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Remembering death in light of the resurrection

Sacred Heart/St. Patrick Parish in Eau Claire

Terry Polus from Sacred Heart/St. Patrick Parish reminds us that a funeral is not the end of our story

“Tempus Fugit, Memento Mori.”

“A funeral is not the end of the road, not the end of the story, but a look toward the resurrection.”

“Time flies, remember death.” This striking line comprises the fraternal motto of the Knights of Columbus. Eau Claire Knight Terry Polus reflects on these words more than most people because he recognizes a calling to volunteer his efforts to coordinate servers and serving funerals for Sacred Heart/St. Patrick Parish. The motto may sound pessimistic to some, but Terry sees it as a realistic reminder of our mortality and need to live faithfully in this life.

“A funeral Mass gives me a chance and makes me think about dying,” Terry explains. “It puts my death, my mortality, right there in front of me.” Having previously worked in a Navy hospital, coupled with his funeral work, Terry admits, “I’ve been closer to death on a more regular basis than a lot of people.” But death doesn’t bother Terry. He takes it as an opportunity to contemplate living faithfully, immersed in the life of the Church.

In 1984, Terry returned to Eau Claire after having been away for 11 years. At that time, he got re-engaged in his home parish, filling a particular need as a funeral server. Some years later, when the gentleman who coordinated the funeral servers passed away, Terry “inherited the job.”

Not only does Terry assist as a coordinator of funeral servers at his parish, he also serves in many other capacities, including sacramental preparation, various roles within the liturgy, education and even physically, such as through building maintenance and groundskeeping.

“I try to be of service to my parish in any way I can,” Terry says.

Arguably though, Terry’s most unique volunteering effort is his work with funerals, calling his role as a funeral server a “privilege” and an “honor.” He feels strongly about “giving the deceased the best funeral we can provide for them.”

 

Current funeral trends

Our culture’s secularization has led to a trend of decline in the number of Catholic funerals. Mourners are more likely than ever to be estranged from the Catholic faith, or, as Terry explains in the words of St. John Paul II, “living a life of ‘practical atheism,’ so they see no reason to spend money on a Catholic funeral.” Many today opt for a contemporary memorial service, “celebration of life” or “gathering of friends.” They forgo the opportunity to be nourished by the beauty and hope of a Catholic funeral.

2016_sept_lacrosse_diocese_0108247The rite of burial, however, can be a beacon in a time of grief for families who uphold the tradition. It is rooted in the sacrament of the Eucharist, which is an abundant source of healing and consolation. The ceremony is rich in symbolism, connecting the final farewell with the waters of baptism through the use of the white pall and vestments and sprinkling of holy water. The incense rises to heaven with the prayers of the faithful and the paschal candle dispels the darkness of death and promises new life.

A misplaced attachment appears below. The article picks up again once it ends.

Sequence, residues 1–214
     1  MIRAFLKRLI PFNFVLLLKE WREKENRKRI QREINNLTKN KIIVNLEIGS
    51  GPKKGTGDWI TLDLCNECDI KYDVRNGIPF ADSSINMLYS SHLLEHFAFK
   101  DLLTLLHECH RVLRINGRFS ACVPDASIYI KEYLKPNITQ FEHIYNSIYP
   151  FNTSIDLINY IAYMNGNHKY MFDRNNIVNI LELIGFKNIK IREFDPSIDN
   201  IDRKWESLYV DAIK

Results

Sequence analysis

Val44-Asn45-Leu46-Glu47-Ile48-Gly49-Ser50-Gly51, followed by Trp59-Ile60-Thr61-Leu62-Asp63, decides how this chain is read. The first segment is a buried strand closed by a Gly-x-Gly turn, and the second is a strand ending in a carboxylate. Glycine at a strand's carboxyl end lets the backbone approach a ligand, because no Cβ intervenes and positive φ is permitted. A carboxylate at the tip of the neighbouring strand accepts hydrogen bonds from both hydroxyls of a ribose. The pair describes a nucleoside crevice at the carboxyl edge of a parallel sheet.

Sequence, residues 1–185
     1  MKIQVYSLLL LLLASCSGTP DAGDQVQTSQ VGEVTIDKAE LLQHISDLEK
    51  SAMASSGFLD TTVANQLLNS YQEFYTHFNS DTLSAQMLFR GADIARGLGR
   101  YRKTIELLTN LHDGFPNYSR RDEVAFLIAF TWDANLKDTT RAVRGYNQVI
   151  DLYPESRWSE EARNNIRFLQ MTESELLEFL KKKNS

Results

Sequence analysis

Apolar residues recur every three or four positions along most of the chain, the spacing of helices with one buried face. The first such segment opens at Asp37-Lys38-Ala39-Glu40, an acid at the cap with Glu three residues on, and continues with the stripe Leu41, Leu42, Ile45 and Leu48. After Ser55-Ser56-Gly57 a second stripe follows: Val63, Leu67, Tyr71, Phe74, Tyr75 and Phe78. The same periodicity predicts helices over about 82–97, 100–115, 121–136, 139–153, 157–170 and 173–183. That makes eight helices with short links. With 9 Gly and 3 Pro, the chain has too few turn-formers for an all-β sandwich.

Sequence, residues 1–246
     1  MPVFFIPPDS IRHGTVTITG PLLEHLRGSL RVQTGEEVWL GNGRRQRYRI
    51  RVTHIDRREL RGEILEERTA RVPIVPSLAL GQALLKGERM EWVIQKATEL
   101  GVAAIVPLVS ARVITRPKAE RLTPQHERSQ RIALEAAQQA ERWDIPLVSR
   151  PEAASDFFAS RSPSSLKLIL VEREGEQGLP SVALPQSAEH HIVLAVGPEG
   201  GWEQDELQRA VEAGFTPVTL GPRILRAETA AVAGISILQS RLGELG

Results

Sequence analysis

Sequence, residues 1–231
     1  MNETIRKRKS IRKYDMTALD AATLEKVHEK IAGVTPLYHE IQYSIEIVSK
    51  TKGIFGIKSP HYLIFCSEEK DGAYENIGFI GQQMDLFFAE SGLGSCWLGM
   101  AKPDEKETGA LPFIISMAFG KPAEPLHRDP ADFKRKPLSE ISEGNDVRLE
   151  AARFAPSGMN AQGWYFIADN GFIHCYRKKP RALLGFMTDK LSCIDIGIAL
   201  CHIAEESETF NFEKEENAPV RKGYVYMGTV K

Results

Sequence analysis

Terry, and many others in the Church, see a great need for the faithful to be educated on the importance of a Catholic funeral in order for them and their Catholic loved ones to be commended to God’s mercy and encouraged to “remember death” as a reminder to live well and stay close to the faith.

 

Living a life of faith

In his training as a lay minister in 1986, Terry says he was given “the greatest gift: an exposure to the Liturgy of the Hours.” These prayers, which have been a regular part of his life ever since, are what keep him close to the faith.

Just as the burial rite places the Christian in the context of the life of Christ, so, too, does the Liturgy of the Hours place a Catholic in the life of the Church.

“The Liturgy of the Hours can expose you to every aspect of the faith in some way, shape or form, if you participate in it completely,” Terry explains.

Terry encountered another rich source for teaching the faith to which he credits his excitement and involvement in the Church: a catechism.

“It broke open to me what Scripture talks about: the height, the depth, the width, the breadth and the length of the faith … It provides the whole package, if you’re willing to invest yourself in it,” he said.

These types of resources are what help the faithful develop an ever-deepening life of faith and understand the role and importance of such rituals, as well as their part in the life of the Church.

Terry recalls many a service hearing the chosen first reading of the “exactly appropriate” Scripture: Wisdom 3:1, “The souls of the righteous are in the hands of God … their hope is full of immortality.” The Catechism of the Catholic Church #2300 similarly reads, “The bodies of the dead must be treated with respect and charity, in faith and hope of the Resurrection.”

“A funeral,” Terry reminds us, “is not the end of the road, not the end of the story, but a look toward the resurrection. I’m always celebrating a funeral with my eyes on the resurrection of that person at the end of time.”

 

By: Amy Eichstadt

Photography by Michael Lieurance

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